A notebook computer is a battery- or AC-powered personal computer generally smaller than a briefcase that can easily be transported and conveniently used in temporary spaces such as on airplanes, in libraries, temporary offices, and at meetings. A notebook computer, sometimes called a laptop computer, typically weighs less than 5 pounds and is 3 inches or less in thickness. Among the best-known makers of notebook and laptop computers are IBM, Apple, Compaq, Dell, Toshiba, and Hewlett-Packard.
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Notebook computers generally cost more than desktop computers with the same capabilities because they are more difficult to design and manufacture. A notebook can effectively be turned into a desktop computer with a docking station, a hardware frame that supplies connections for peripheral input/output devices such as a printer or larger monitor. The less capable port replicator allows you to connect a notebook to a number of peripherals through a single plug.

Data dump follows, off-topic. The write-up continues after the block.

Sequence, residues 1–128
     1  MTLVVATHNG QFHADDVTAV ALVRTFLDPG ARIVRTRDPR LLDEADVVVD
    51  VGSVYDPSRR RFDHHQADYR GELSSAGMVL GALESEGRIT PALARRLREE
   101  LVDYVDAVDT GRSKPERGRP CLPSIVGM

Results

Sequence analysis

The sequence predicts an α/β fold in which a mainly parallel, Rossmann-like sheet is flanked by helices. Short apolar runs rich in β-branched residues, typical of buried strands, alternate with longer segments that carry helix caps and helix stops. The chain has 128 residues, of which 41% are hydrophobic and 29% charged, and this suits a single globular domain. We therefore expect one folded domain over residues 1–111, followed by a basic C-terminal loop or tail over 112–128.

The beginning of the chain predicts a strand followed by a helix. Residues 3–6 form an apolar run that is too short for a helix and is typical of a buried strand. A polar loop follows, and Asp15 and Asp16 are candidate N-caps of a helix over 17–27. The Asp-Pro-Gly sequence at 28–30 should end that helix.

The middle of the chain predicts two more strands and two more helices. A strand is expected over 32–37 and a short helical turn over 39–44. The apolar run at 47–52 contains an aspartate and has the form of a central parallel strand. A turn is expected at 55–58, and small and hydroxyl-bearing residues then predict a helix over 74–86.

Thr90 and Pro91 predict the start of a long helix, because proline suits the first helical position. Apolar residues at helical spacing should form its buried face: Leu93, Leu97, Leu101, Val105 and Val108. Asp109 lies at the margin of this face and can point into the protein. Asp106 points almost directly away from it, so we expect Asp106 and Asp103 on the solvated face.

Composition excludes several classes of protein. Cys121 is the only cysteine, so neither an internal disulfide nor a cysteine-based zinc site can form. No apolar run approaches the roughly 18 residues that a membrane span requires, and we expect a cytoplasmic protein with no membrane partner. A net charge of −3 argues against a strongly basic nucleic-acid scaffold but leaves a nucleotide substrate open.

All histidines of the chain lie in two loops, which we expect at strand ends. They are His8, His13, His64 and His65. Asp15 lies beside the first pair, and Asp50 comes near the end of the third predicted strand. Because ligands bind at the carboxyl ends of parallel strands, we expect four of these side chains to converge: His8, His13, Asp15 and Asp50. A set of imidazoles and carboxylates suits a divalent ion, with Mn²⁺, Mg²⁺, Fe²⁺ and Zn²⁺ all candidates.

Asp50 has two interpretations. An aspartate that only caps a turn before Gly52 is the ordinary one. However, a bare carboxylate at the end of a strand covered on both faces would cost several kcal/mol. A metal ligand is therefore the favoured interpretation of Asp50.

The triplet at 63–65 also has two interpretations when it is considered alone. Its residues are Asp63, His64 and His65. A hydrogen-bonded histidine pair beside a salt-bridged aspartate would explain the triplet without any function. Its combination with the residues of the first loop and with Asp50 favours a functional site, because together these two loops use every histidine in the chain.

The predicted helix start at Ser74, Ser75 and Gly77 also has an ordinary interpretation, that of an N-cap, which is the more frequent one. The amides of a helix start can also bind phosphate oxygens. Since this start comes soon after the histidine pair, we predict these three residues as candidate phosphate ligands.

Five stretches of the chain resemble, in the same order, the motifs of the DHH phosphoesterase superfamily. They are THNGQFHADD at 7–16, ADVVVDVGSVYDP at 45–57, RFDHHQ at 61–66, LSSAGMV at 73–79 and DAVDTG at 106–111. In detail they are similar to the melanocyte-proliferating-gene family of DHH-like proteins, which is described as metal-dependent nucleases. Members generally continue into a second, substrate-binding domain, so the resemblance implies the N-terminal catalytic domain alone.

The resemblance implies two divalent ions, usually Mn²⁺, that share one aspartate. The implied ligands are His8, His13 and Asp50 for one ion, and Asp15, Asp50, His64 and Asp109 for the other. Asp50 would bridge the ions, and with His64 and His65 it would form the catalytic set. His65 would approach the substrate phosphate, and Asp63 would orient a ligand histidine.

Notebooks usually come with displays that use thin-screen technology. The thin film transistor or active matrix screen is brighter and views better at different angles than the STN or dual-scan screen. Notebooks use several different approaches for integrating a mouse into the keyboard, including the touch pad, the trackball, and the pointing stick. A serial port also allows a regular mouse to be attached. The PC Card is insertable hardware for adding a modem or network interface card to a notebook. CD-ROM and digital versatile disc drives may be built-in or attachable.